Is the Bible Trustworthy? Part 2

10 06 2009

Ever since Satan challenged God’s promises and Eve succumbed (Gen. 3:1-7), the enemy of our souls has been attacking God’s Word with his own version of what God means.  As soon as Jesus made His first move toward His mission, Lucifer was ready to challenge His every word.  During Jesus’ time of fasting and prayer for forty days, Satan came to contradict the words of Jesus with his own interpretation of Scripture.  And as a result, for thousands of years, men have been tempted to distrust, doubt, and deny the validity of God’s holy Word. 

As a missionary and pastor I have heard just about every conceivable question and interpretation of the Bible that man has to offer.  While some of them have bordered on the ridiculous, many comments are simply based out of ignorance and are sincerely asked in a search for truth.  It is with such people in mind, and the many at Mountain Springs who regularly ask me thought-provoking questions, that I write this article.

I would refer any reader to my sermon in the doctrine series, The Bible: God Speaks, given April 24th, 2009, for further elaboration on the topic of the Bible in general.

This is part two in my blog on Bible translations.  If you would like to understand the context of the last blog, let me encourage you to read part one first.

God’s Publishing Process

How did we get our current Bible? Is the English translation that you are using reliable?  Can you have confidence that the Bible you are holding is anything like the manuscripts written by the first authors?  These are excellent questions.  The Bible purports to have divine qualities.  But does it really?  And if so, how were these qualities passed down through the generations to make up our English version of the Bible?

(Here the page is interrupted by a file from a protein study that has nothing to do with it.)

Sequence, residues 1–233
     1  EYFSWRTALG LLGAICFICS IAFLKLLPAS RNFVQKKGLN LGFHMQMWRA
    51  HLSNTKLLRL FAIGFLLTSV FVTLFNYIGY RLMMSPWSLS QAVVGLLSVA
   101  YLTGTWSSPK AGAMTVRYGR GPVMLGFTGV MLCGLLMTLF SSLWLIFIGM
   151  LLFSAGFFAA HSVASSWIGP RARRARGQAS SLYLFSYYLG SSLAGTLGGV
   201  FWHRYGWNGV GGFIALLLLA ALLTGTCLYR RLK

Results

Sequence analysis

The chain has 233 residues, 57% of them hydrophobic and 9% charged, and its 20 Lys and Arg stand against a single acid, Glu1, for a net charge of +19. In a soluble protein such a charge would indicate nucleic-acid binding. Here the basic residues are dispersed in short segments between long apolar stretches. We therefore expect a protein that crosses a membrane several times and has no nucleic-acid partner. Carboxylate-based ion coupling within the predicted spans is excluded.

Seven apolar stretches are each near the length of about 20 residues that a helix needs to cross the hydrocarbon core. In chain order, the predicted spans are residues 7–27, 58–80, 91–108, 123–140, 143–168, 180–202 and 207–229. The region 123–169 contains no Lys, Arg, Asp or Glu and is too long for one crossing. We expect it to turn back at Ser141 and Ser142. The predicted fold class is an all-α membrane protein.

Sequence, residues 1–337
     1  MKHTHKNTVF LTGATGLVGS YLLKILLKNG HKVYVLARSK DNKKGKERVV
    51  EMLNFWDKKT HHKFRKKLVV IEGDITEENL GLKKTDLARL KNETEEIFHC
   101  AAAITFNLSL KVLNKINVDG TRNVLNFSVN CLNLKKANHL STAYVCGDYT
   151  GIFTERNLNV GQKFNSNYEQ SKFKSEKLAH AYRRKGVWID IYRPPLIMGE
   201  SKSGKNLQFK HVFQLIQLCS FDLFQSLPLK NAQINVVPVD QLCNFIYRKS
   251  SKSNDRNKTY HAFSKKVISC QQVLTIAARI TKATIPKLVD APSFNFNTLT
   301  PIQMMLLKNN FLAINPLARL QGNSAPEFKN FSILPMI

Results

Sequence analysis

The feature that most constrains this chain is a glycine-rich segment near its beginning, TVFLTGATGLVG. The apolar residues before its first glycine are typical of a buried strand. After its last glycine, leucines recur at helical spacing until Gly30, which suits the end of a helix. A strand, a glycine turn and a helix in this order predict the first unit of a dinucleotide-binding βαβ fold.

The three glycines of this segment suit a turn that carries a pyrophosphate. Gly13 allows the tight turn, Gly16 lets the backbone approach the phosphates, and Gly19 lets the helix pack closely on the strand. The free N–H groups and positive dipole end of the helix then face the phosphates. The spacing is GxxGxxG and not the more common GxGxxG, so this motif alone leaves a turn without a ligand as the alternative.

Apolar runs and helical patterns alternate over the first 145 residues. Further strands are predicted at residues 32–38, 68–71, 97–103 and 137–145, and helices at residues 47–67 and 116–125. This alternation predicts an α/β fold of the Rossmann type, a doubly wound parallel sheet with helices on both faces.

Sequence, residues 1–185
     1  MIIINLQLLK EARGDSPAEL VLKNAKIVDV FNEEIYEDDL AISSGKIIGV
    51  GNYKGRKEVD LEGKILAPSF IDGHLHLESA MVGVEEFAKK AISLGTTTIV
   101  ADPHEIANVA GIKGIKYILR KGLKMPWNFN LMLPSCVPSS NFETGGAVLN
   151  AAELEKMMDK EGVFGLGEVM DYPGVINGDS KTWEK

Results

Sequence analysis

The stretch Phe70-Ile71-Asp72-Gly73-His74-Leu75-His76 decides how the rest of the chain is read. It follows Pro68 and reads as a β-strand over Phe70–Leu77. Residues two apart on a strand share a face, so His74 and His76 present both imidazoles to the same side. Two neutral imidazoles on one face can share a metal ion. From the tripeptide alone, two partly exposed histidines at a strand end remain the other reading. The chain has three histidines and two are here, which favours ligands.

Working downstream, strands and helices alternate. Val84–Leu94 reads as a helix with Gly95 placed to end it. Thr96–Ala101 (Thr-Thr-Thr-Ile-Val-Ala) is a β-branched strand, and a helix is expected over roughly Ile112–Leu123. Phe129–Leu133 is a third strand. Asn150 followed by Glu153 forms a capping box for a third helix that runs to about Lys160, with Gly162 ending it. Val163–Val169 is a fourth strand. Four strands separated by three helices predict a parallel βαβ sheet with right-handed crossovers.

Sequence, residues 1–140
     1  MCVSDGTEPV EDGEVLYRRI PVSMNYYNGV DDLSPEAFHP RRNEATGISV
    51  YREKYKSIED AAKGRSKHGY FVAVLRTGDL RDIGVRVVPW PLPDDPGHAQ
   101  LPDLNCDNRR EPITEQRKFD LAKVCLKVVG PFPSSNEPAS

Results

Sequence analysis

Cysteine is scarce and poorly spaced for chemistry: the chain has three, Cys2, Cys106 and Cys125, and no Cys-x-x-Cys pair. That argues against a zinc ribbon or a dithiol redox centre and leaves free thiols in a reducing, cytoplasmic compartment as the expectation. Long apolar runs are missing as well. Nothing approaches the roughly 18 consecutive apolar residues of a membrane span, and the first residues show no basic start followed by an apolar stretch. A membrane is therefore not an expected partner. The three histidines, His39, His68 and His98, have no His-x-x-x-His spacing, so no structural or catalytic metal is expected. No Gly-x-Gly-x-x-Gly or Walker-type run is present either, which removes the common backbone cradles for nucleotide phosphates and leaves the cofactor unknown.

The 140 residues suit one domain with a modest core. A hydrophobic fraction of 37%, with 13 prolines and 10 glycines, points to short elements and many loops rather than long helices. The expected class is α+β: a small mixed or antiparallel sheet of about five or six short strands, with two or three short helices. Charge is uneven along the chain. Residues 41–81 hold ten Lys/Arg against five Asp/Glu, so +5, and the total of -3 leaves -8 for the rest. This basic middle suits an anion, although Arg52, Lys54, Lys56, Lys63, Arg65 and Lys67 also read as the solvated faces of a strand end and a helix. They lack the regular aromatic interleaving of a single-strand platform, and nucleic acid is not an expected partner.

There is a divine process that has been used by God to give us our current Bible.  This process can be summed up in a five part process:  Revelationà Inspirationà Canonicityà Preservation à Transmission. In part one, we concerned ourselves with revelation and inspiration.  In part two, we will continue our look at God’s publishing process.


John MacArthur writes, “We must understand that the Bible is actually one book with one Divine Author, though it was written over a period of 1,500 years through the pens of 40 human writers.  The Bible began with the creation account of Genesis 1, 2 written by Moses about 1405 B.C., and extends to the eternity future account of Revelation 21, 22, written by the Apostle John about A.D. 95.  During this time, God progressively revealed Himself and His purposes in the inspired Scriptures.” (Study Bible p. xiv)

This raises a significant question: “How did the church know which books ought to be recognized as canonical or authoritative?  Which writings should be included and excluded?”  We find three ways that the early church fathers determined the authenticity of a book for the Bible.

  1. Conformity to “the rule of faith.” Did the book in question conform with orthodoxy?  Christian truth recognized as normative in the churches?